Wednesday, 11 December 2013

U.S. Money, Credit & Treasuries Review (as of 27 November 2013)

The U.S. monetary base (base money) increased USD 25.6 billion for the bi-weekly period ending 27 November 2013 according to the most recent monetary statistics released by the Federal Reserve. At USD 3.7116 trillion it was the highest monetary base ever reported. The base has now increased more than USD 1 trillion, or 37.9%, this year alone as the Fed continues its QE program buying USD 85 billion every month of longer term treasury securities and agency mortgage-backed securities first announced at the tag end of 2012.
The 1-year growth rate for M1 money supply fell to 7.9% for the most recent bi-weekly period, the lowest reported for more than two years (it was 5.5% for the bi-weekly period ending 3 November 2011). This was 2.8 percentage points lower than the 10.7% average during the last 52 weeks.

The 1-year growth rate in the M2 money supply increased slightly during the last two weeks, from 5.9% to 6.2%. This was 80 basis points lower than the 52 week average. The drop in the growth rate in the M2 resembles the drop in the growth rate for M1, though the latter peaked earlier. More specifically, the 1-year growth rate in the M1 peaked at 22.4% in early October 2011 while the M2 peaked at 10.6% around mid January 2011. Since these previous peaks, the 1-year growth rates in the M1 and M2 have dropped around 65% and 42%, respectively.
Bank Credit growth continues to be extremely low compared to historical averages. Though the 1-year growth rate increased about 20 basis points compared to two weeks ago, the current growth rate of 1.7% is 4.8 percentage points, or 70%, lower than the long term average of 6.5% since 1985. Moreover, the current total bank credit outstanding of USD 10.0901 trillion is up only 1.23% in total since the end of 2012. Excluding various stages during the 2009 to 2011 period, such low year on year growth rates in bank credit are extraordinary. In fact, going all the way back to the beginning of the data series reported by the Fed, which commences in 1974, the year on year (YoY) growth rates in bank credit has never been as low at it currently is (except for stages during the 2009-2011 period mentioned above).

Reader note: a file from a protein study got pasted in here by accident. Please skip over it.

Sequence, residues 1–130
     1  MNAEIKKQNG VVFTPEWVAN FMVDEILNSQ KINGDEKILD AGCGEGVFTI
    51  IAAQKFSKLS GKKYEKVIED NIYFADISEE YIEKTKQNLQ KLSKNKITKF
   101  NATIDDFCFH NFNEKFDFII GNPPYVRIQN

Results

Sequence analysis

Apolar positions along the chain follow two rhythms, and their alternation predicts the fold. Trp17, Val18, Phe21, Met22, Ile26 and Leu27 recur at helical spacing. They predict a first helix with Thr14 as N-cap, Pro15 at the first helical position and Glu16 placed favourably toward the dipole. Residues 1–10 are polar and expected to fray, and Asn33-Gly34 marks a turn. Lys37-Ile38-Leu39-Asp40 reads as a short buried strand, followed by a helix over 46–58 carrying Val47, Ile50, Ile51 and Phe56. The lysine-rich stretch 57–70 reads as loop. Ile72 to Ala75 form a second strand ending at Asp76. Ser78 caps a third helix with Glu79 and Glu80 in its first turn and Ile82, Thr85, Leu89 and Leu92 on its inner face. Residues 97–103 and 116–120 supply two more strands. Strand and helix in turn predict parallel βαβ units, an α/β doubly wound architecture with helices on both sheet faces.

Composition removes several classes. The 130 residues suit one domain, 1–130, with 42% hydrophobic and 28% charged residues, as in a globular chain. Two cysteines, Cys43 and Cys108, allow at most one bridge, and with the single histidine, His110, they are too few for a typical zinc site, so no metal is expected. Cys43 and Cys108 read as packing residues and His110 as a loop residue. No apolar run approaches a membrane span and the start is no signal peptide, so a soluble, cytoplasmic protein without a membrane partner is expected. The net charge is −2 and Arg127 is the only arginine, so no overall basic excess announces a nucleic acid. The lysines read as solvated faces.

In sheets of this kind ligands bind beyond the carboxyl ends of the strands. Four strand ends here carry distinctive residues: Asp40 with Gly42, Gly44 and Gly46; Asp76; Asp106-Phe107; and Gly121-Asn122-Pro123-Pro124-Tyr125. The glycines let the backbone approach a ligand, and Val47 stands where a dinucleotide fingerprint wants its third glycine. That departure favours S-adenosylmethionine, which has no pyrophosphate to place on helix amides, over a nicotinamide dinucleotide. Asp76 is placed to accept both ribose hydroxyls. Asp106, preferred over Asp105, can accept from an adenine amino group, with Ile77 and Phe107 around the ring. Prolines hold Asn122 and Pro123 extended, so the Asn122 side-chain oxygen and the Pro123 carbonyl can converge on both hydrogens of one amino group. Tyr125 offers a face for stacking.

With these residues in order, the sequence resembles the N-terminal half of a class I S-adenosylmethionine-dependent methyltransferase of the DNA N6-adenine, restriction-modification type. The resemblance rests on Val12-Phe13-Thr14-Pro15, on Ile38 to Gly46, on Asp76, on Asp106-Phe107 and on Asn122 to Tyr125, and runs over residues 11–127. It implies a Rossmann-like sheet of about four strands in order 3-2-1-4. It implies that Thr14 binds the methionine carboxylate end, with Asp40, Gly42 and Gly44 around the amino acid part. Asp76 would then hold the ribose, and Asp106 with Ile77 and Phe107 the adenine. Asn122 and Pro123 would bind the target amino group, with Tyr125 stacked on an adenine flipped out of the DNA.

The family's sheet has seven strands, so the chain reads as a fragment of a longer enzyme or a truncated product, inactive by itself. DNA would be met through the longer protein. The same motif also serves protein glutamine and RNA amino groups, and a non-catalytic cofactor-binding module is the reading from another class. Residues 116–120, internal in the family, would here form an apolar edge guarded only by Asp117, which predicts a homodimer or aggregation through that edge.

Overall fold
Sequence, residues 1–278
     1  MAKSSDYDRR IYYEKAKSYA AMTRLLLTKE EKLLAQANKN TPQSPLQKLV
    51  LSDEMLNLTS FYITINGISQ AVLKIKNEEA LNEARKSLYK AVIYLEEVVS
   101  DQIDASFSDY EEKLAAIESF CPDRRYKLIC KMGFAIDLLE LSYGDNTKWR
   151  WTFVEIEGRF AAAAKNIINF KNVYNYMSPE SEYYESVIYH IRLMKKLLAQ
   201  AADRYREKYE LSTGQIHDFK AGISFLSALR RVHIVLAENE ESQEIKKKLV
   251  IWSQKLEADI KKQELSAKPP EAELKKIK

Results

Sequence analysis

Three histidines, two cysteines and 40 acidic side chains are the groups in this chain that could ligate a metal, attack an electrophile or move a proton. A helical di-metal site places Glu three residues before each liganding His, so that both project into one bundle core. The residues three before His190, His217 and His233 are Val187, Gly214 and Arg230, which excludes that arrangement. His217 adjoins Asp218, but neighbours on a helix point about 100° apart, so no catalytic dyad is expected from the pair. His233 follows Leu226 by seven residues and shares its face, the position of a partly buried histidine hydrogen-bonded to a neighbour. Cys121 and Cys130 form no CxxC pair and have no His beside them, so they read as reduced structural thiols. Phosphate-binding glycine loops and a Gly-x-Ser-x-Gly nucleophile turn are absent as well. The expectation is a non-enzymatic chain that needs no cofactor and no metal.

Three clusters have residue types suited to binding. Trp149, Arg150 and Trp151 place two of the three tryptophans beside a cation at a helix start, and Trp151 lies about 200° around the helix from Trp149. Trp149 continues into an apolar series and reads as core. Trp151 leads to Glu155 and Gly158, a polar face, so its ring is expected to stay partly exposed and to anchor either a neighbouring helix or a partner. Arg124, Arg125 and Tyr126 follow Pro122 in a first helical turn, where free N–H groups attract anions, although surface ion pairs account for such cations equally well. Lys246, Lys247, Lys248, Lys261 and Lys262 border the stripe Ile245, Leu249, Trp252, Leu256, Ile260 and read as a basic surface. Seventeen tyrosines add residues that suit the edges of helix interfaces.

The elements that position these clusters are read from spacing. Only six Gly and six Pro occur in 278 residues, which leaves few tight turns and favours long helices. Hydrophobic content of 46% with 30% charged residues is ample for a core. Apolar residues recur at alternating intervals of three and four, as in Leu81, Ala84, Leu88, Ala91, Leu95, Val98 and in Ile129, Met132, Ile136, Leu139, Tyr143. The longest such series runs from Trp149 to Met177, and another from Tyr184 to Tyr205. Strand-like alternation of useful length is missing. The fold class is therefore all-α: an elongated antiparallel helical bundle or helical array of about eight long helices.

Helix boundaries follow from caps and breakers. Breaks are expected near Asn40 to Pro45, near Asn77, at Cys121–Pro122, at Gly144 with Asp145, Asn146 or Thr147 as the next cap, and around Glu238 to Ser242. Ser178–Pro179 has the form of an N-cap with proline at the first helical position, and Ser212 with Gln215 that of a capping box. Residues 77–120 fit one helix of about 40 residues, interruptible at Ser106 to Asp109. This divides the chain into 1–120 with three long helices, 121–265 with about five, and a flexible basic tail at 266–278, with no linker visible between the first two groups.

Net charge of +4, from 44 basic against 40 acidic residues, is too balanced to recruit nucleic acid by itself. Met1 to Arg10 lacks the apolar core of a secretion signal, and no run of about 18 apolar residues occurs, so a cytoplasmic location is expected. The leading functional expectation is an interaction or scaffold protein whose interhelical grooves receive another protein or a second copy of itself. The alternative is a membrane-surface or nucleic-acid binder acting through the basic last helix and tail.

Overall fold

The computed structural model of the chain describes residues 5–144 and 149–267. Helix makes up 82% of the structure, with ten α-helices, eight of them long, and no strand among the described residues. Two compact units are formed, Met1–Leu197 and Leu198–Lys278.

Total Loans and Leases, which currently makes up 73.2% of Bank Credit (the average is 74.8% since 1985), is also growing very slowly. At 2.4%, the current YoY growth rate of 2.4% is more than 62% lower than the 6.4% average since 1985. Though the growth rate in Loans and Leases fluctuates considerably more than Bank Credit, rarely does it hit the low growth rates we've seen during the second half of this year. If we again exclude the 2009 to 2011 period, the current growth rate is historically low and has only appeared a few times before since 1974: 1975-1976, 1991-1993 and 2001-2002.

Now, commercial banks are expanding their assets, but they're not doing it through increasing lending or investing. Instead, bank assets are growing through accumulating cash balances which are up by 53.6% this year as of end of November and now represents 18.74% of total assets, almost three times higher than the 6.84% average since 1985. Since the end of 2007, banks cash asset have grown from USD 327.1 billion to the current USD 2.6282 trillion (week ending 27 Nov 2013), an increase of more than eight times compared to what it was less than six years ago. During the same period, Bank Credit and Loans and Leases only increased 1.13 and 1.07 times, respectively.
Compared to two weeks ago, the 1- and 10-year treasury yields as of yesterday was up by 1 and 7 basis points, respectively. As a result, the spread between the two increased  by 6 basis points. Compared to one year ago, the 1-year yield is down by 4 basis points, the 10-year yield is up 119 basis points and the spread has widened by 123 basis points. While both yields remain substantially lower than the averages since 1984, the current spread of 2.67% is 119 basis points higher than the 1.48% average for the same period.

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